The tangibility of the ruler’s physical presence was reassuring and the security risk limited. On a more regular basis, minted coins bearing the leader’s head - such as the gold English sovereign, first issued in 1489 for Henry VII of England - would popularize the image of the sovereign, and help in asserting his power. Imposing, larger than life, representations of the leader, such as equestrian statues, would also be placed on cities main squares as a  reminder of the might of this leader. Marcus Aurelius, Louis XIV or Peter the Great’s equestrian statues are famous examples of these monumental images.

It is said that, during the famous flight to Varennes when Louis XVI of France tried to escape from Paris with his family, disguised as servants, he was recognized because his face appeared on money. Some stories mention the revolutionary banknotes, assignats, while others evoke gold coins.

The totalitarian regimes of the 20th century have resorted to similar oversize representations of their leaders, from fascist Italy to Nazi Germany, to communist Russia and China. Equally important was the actual participation of the leader in elaborate ceremonies where he could be recognized as a small spot in the distance. Trust played an important part in these ceremonies as the leader’s presence was an essential element of the well-oiled propaganda machinery. Charles Chaplin has played with this in the movie The Dictator where a Jewish barber, a look alike of the totalitarian leader of the country, takes the dictator’s place and sends his own, and different, message of hope to a cheering crowd. The mesmerized crowd is no longer able to think and will cheer any speech, regardless of the message.

Beyond trying to limit the time during which a leader would be exposed, as was the case for Lincoln’s train trip, ensuring security of the leader in public appearances has become a major issue in a world now only too accustomed to political assassinations. The 19th and 20th centuries have seen a number of world leaders falling victims of assassins as their views or programmes were controversial.

Lincoln was the first American President to be assassinated, only four years following his Peekskill visit. In April 1865, actor John Wilkes Booth, a Confederate spy, jumped into the state box at the Ford Theater and killed the President.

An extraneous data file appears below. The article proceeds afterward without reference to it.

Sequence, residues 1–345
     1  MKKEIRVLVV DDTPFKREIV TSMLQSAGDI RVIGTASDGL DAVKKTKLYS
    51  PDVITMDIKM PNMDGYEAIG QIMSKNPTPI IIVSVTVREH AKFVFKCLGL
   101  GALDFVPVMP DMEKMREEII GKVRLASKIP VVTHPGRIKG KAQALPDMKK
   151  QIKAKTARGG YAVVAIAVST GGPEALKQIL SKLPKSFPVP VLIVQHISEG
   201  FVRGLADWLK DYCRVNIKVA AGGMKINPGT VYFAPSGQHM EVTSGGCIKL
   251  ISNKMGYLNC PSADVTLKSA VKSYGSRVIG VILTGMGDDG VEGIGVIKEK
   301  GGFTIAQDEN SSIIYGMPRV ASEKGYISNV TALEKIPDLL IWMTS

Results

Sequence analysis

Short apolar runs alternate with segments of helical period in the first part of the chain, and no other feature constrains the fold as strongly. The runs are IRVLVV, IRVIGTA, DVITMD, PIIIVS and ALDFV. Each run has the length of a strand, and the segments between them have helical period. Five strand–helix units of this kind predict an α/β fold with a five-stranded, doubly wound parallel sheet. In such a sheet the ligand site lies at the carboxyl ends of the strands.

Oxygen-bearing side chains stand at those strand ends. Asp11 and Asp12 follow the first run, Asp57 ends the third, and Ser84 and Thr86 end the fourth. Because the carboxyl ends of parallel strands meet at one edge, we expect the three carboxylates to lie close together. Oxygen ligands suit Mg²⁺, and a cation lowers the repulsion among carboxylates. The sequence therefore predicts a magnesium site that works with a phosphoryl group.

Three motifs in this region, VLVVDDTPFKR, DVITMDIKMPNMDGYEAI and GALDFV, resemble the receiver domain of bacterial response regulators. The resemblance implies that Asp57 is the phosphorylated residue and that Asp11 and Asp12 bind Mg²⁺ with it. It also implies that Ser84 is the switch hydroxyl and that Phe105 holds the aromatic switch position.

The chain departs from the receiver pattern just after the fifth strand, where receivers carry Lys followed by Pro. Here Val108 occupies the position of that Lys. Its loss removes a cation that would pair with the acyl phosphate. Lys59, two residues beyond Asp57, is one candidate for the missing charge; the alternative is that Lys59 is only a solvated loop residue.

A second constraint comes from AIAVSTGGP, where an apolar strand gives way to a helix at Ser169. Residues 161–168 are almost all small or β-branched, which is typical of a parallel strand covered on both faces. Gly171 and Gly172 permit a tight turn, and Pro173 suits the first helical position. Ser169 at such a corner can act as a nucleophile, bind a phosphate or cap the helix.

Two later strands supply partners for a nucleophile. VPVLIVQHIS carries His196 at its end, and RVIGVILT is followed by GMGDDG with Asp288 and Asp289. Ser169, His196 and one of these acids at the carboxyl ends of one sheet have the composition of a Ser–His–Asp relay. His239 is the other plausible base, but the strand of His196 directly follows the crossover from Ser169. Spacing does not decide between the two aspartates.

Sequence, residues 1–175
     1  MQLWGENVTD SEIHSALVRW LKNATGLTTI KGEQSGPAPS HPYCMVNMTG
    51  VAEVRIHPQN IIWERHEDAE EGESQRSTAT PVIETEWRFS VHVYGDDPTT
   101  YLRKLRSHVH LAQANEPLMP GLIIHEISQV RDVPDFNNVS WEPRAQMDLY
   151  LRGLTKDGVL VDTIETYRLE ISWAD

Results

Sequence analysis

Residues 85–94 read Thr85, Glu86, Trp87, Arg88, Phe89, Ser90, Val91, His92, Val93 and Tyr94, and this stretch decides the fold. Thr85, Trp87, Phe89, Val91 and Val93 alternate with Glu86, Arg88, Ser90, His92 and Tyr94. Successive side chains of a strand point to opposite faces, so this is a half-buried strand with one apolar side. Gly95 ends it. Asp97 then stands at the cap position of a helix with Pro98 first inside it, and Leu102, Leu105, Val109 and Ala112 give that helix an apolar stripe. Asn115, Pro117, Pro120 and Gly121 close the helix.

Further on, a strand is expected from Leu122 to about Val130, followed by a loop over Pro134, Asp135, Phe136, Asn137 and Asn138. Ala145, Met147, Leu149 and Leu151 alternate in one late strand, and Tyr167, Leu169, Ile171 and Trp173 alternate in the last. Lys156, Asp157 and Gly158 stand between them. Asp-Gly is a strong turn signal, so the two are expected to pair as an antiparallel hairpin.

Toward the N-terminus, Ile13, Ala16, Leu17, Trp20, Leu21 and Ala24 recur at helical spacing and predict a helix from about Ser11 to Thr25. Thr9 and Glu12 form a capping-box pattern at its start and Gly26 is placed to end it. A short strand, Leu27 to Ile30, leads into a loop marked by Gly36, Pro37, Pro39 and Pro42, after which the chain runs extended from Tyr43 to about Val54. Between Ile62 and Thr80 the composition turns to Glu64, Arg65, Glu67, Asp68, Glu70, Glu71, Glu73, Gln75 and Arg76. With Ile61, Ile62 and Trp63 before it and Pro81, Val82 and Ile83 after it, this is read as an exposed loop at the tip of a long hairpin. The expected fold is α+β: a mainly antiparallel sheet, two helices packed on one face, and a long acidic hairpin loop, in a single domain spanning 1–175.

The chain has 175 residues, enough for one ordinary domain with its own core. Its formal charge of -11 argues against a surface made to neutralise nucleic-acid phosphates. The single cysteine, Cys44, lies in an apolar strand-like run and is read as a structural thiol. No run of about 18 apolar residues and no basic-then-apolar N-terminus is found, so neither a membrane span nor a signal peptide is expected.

Other American historical leaders have perished victims of their political opponents. Two Kennedy brothers were assassinated in the 1960’s. President John Fitzgerald Kennedy was killed first, and died in his third year in office, in November 1963, while being driven in an open car procession, in Dallas, Texas. His brother, Robert F. Kennedy was assassinated while running for President, in June 1968, as he took a short-cut through a hotel kitchen. Following his death, all US Presidential candidates have been assigned Secret Service protection.

A little bit earlier that year, in March 1968, Civil rights activist and Nobel Peace Prize winner, Martin Luther King was also assassinated. During a visit to Memphis, Tennessee, in support of striking workers, he was shot while standing on the balcony of his motel room.

Other famous 20th century leaders were assassinated by political opponents during public appearances. On 30 January 1948, Mahatma Gandhi was killed by a Hindu nationalist as he was walking to address a prayer meeting.

In an ever increasing escalation of violence, Benazir Bhutto of Pakistan was killed during a political rally in 2007. After she was shot, a suicide bomb detonated, killing Bhutto and an estimated 23 other people.

Before the 19th century, rarer have been historical assassinations that targeted country rulers. Two famous ones however took place during the religious wars at a time when the Reformation was dividing Europe.